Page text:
As you plan your 2006 marketing activities, consider adding networking to your firm-wide marketing mix.Networking is a great way to build your business, and it's something that all members of your firm can do. Networking offers an opportunity to build business relationships, exchange referrals or leads, find potential qualified new hires, and seek advice, ideas and introductions from others.
The trouble with networking today, though, is that many younger team members view the activity as "old school" and "uncool."
To overcome this, we suggest that you encourage all team members to participate in networking within organizations that reflect their interests and activities (versus "forcing" on them the organizations that you, or other leaders in your firm, found success with previously). Potential organizations for your team members to evaluate when choosing their networking venue include:
* Sporting organizations, like the health club, yoga class and youth leagues, gymnastics, soccer, baseball and others;
* Community service activities, such as nonprofit boards, where you can meet bankers, lawyers and other community influencers;
* College alma mater events;
* Religious/philanthropic organizations;
* Industry trade groups;
* Traditional community organizations, such as chambers of commerce, Rotary, Kiwanis and others; and,
* Professional associations, such as state CPA societies and local chapter events, bar association meetings and financial executive organizations, to name just a few.
Each of your firm's team members should be encouraged to look within their own lives for places where they can make contacts, and then commit to exploring one of those areas in the next year and begin developing a network of their own. To help them get started, this article contains several important networking concepts to share with every member of your team.
Choosing your organization
To choose a networking organization, first evaluate each potential networking organization by:
* Attending some regular meetings to see if it "feels right" for you;
* Meeting with other members to see if you feel related to them;
* Reading each organization's newsletter and visiting their Web site; and,
* Learning who the organization's members are, what their mission statement is, the cost to join, the frequency of meetings and the requirements for membership to make sure that you agree with, and are comfortable committing to, them.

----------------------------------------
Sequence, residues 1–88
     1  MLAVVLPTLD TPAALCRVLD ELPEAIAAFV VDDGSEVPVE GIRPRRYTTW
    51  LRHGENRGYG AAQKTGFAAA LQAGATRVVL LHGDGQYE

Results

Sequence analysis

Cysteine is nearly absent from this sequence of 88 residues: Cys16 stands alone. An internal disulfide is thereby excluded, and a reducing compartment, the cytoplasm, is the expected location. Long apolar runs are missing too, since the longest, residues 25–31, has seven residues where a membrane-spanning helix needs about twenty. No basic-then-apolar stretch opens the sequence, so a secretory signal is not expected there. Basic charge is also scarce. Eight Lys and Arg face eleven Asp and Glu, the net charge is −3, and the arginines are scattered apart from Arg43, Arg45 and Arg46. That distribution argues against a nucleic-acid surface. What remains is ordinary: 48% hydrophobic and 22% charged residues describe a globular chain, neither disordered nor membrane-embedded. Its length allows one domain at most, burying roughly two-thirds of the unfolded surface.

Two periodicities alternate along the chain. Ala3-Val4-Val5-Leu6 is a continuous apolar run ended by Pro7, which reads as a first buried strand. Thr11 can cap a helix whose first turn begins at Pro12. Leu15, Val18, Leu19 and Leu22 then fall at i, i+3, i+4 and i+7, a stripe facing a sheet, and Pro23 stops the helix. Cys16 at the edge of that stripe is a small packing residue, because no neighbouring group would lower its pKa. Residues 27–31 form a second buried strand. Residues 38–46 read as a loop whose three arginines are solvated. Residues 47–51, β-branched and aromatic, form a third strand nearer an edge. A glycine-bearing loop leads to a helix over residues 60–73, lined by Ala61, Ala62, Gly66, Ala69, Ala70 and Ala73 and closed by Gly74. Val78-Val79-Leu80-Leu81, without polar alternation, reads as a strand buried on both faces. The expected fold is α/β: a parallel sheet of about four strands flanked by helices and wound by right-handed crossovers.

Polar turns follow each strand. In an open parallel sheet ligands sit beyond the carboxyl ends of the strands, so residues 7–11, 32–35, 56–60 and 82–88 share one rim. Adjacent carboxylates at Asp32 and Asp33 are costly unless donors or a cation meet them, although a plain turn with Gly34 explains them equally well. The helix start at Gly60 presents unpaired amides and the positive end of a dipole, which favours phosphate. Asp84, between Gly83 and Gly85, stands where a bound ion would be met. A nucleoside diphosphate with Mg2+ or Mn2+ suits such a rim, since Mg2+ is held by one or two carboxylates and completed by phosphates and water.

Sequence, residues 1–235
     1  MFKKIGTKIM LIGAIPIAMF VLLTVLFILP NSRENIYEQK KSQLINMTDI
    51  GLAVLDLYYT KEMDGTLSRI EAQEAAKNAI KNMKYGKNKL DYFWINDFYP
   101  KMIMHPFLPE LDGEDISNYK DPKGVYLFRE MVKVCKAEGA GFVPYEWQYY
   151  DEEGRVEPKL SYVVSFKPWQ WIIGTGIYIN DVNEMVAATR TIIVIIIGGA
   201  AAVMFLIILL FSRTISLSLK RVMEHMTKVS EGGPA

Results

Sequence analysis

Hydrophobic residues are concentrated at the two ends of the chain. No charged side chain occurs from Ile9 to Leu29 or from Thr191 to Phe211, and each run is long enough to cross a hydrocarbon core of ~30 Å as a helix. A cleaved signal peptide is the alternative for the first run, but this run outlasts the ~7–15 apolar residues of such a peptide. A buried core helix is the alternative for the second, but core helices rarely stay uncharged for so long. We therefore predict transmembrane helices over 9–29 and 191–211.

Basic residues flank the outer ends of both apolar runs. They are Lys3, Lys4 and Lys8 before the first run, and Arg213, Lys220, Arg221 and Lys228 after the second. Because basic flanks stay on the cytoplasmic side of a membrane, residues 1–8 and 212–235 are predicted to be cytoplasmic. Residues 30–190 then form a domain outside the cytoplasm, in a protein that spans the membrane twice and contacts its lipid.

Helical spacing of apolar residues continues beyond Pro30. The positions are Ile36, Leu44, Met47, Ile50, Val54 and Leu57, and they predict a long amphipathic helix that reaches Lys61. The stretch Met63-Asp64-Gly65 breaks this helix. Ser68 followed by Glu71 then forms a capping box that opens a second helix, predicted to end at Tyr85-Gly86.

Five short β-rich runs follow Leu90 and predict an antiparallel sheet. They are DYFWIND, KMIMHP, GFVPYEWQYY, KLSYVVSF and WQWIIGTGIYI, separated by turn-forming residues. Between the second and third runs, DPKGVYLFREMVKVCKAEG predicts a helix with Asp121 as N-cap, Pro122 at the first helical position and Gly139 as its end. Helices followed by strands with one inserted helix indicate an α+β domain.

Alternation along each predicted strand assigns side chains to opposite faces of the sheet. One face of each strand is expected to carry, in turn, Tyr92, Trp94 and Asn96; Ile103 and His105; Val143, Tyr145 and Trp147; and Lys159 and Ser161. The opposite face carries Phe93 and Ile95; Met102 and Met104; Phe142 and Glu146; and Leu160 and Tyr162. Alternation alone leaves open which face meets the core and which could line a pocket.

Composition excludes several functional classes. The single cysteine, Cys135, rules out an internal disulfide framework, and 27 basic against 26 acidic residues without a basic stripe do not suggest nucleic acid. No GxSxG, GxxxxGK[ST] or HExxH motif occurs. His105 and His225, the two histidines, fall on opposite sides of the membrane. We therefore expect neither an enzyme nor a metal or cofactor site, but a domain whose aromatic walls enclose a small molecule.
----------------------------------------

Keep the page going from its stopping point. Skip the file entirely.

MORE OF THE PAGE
Once you've qualified your potential organizations in this manner, you'll be ready to choose the one that you feel best fits your unique personality, where you can make friends and associations and feel related to your organization and its members.
Whichever organization you choose to join, remember that the key to networking is to get involved. This will maximize your exposure to members and increase the potential that business opportunities will arise. To get involved in your networking organization:
* Attend their conferences, community activities, ball games, or other events that members are encouraged to attend;
* Volunteer to get involved in the group's activities, whether it be coaching a team or serving on a board or subcommittee. Commit to work within the group; and,
* Look for opportunities to evolve your role into a leadership position within the organization or association. As you build you own name and reputation, you will increase your firm's name recognition and reputation, too.
When attending your networking organization's events, be sure to:
* Prepare an "elevator pitch" and self-introduction ahead of time. Practice saying it until it feels natural and rolls off the tongue. An added bonus to preparing a self-introduction is that it comes in handy when you meet people elsewhere and they ask, "What do you do?"
* Before any meetings, games, practices, board meetings or other events, make sure to bring a good supply of business cards.
* When arriving at each organization event, place a name tag on your right breast pocket (if applicable), smile and enter the room.
* Avoid hanging out with people you already know or are in association with, as this will inhibit you from meeting your goal of making new contacts;
* Attend with the intention of meeting at least three new people at each networking event. When meeting others, ask questions and listen closely to their answers. You will be better able to determine qualified potential clients, staff or referral sources this way than if you spend all of your time talking or telling.
* When meeting new people, be sure to maintain eye contact with them, shake their hands, and work to remember their names.
* Take notes on the back of contact business cards and send a follow up "good to meet you" note or e-mail after the networking event.
* Check back in with your network contacts regularly to determine what might make sense in terms of potential collaboration.
* Offer to add your contacts to your firm's database and send them your firm's newsletter, seminar invitations, etc.
* Consider offering special pricing or discounts on your firm's services to your networking organization's members.
While it does require an investment of time, networking typically requires very little cash outlay and is a great way to build your firm's brand. In addition, networking will also enable you to occasionally generate qualified leads and can be a powerful addition to your firm's overall marketing mix.
Increase your firm's contacts and enhance your profile in your community by encouraging your entire team to engage in "new school" networking!
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